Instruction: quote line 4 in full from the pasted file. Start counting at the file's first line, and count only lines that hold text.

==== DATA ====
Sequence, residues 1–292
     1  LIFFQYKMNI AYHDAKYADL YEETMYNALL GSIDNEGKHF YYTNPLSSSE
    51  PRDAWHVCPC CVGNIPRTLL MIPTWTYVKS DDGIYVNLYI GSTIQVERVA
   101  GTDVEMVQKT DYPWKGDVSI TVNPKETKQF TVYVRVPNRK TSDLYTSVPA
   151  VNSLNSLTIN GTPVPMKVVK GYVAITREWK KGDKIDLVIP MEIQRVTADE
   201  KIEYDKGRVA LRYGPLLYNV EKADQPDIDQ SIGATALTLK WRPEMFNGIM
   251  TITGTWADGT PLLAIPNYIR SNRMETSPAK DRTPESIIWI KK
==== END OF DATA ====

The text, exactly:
   101  GTDVEMVQKT DYPWKGDVSI TVNPKETKQF TVYVRVPNRK TSDLYTSVPA